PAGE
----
Cataract: What Is It?
When the typically clear lens in your eye gets blurry, a cataract is formed.
Light travels through a transparent lens and is seen by your eye. Your iris is hidden by the lens (colored part of your eye). Your brain and vision can combine to convert information into a picture thanks to the lens’s ability to concentrate light.
Your eye cannot concentrate light the same way when a cataract covers the lens. It results in hazy vision or other types of visual loss (trouble seeing). Your vision may alter depending on where and how significant the cataract is.
Different Types Of Cataracts
Cataracts can be caused by aging, congenital conditions, secondary conditions, and trauma.
- The normal aging process brings on age-related cataracts.
- When cataracts are present at birth owing to an infection, an accident, or problems with fetal development, this condition is known as congenital cataracts.
- Secondary medical disorders like diabetes might lead to secondary cataracts. Additionally, exposure to hazardous agents like radiation or UV light can cause secondary cataracts or use certain drugs, like diuretics.
- An eye injury brings on last traumatic cataracts. Additional risk factors for cataract development include increased UV radiation exposure, smoking, and strong alcohol use.
What Are the Cataract’s Symptoms and Signs?
The following are the most noticeable cataract symptoms:
- The vision that is hazy, overcast, or foggy
- Having difficulty seeing items that are nearby or close, especially for older persons
- a lack of night vision
- heightened glare sensitivity
- color perception issues
- Frequently changing prescriptions for contact lenses or glasses
- vision in the damaged eye is double.
Why Can LASIK Not Correct Cataracts?
Cataracts cause your eyesight to become blurry or foggy and are commonly present in adults over 65. LASIK cannot treat cataracts since they are a condition of the lens. If you have an opacity, you should be observed by a cataract expert to see when cataract surgery might be suitable. After cataract surgery, LASIK may be an option if vision correction is still necessary.
So, only cataract surgery could treat cataracts, not LASIK surgery.
What Factors Are Involved In Lasik And Cataracts?
There are additional visual problems that many cataract patients experience that can affect their eyesight. In addition to clouding, conditions like astigmatism, nearsightedness, farsightedness, “over 40 vision,” or presbyopia can make it difficult to focus at a distance or distance.
The light entering the eye cannot focus correctly on the retina when the cornea is misshaped; this is known as a refractive error. Instead, it might concentrate in front of or behind the retina’s surface, leading to astigmatism, nearsightedness, and other visual impairments. It is fixed with LASIK by altering the cornea.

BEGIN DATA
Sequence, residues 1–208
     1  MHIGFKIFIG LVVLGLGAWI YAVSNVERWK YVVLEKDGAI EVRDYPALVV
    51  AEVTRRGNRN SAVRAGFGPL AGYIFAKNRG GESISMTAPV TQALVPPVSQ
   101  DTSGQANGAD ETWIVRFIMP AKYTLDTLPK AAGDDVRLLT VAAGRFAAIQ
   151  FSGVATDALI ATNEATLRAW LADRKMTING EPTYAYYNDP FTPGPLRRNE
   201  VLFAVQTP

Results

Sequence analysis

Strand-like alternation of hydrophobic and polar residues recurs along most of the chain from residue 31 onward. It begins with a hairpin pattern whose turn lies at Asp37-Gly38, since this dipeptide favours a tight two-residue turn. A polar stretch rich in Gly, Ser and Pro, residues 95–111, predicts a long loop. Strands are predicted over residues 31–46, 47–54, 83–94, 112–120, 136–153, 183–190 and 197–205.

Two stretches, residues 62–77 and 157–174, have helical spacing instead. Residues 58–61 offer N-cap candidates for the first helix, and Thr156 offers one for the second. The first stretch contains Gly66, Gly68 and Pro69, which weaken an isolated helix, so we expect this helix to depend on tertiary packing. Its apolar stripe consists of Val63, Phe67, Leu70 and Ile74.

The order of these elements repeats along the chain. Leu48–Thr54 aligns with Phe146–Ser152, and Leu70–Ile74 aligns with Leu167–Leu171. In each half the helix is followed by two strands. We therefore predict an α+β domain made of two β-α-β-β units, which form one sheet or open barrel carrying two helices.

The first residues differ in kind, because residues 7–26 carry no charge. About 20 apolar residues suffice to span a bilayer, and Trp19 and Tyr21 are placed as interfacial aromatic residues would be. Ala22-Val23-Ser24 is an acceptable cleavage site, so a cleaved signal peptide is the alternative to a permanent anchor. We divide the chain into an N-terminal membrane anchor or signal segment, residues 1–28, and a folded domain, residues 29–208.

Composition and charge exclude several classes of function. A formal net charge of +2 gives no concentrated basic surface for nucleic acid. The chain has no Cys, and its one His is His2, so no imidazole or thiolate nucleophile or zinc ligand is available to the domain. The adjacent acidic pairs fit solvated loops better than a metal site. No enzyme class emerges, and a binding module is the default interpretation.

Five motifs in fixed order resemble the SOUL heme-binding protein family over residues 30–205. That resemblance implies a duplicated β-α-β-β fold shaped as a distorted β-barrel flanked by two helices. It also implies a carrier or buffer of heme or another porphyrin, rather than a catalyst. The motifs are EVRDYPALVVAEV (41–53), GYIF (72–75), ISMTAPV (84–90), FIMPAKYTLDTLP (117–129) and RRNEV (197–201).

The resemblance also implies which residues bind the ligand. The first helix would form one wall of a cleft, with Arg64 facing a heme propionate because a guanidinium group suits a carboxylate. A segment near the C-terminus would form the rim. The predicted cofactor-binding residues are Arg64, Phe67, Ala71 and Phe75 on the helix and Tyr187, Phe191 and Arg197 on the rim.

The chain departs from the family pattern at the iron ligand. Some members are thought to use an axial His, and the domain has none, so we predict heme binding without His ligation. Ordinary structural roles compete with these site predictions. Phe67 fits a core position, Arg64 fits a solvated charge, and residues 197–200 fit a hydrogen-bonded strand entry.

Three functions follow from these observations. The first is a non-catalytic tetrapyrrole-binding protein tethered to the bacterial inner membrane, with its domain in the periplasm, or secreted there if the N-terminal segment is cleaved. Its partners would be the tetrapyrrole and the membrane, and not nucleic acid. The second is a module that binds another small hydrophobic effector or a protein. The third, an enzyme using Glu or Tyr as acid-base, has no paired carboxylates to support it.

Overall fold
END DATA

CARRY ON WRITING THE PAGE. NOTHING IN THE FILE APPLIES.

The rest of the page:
However, LASIK cannot be “corrected” or “reversed” cataracts. The cataract, which clouds the eye’s natural lens, must be surgically removed to restore vision. Because of this, ophthalmologists frequently are unable to treat cataracts using LASIK eye surgery. (Congenital cataracts that have been stable for an extended period and are too tiny or moderate to damage vision would be one possible exception.)
The good news is that if the cataracts are removed, LASIK could be an option; however, one of the numerous LASIK alternatives might be better suitable.
What Is Cataract Surgery?
Cataract surgery is one of the most famous and influential surgical procedures, where problems are rare. Even the most frequent side effects after cataract surgery may be managed and don’t affect eyesight permanently. Cataract surgery involves the removal of your eye’s clouded native lens and its replacement with an intraocular lens. The lens capsule, a transparent, thin membrane that covers the native lens, is left intact throughout the procedure. Within this capsular pocket is the intraocular lens.
Most cataract surgeries are performed using topical anesthesia, which is rapid, painless, and supplied by eyedrops. The entire treatment necessitates a brief hospital stay of around 2-3 hours. Patients with cataracts must use eye drops an hour before surgery to dilate their pupils. The cataract surgery is finished in only ten to fifteen minutes. After the process, the patient is kept in the hospital recovery room for observation for up to an hour. All the information is provided on how to care for the eye and apply eye drops.
What Is The Difference Between Lasik Surgery & Cataract Surgery?
If you need to get any of these surgeries done, you must first know the difference between the two and go ahead with your decision.
- The eye’s outer layer of the cornea is altered during LASIK to transform how the eye focuses light on the retina. Contrarily, cataract surgery is a procedure done on the eye’s lens. Patients with cataracts experience clouding of the natural lens of the eye. The clouded lens is separated during surgery and is swapped out for an intraocular lens, or IOL.
- While cataract surgery is usually performed on the right and left eyes separately on two consecutive days, LASIK is typically performed on both eyes in the same session.
Can Laser Eye Surgery cause Cataracts?
Cataracts are not brought on by LASIK. For those who have previously undergone LASIK, cataracts can be addressed. The patient should get cataract surgery rather than LASIK if they currently have cataracts impairing their eyesight.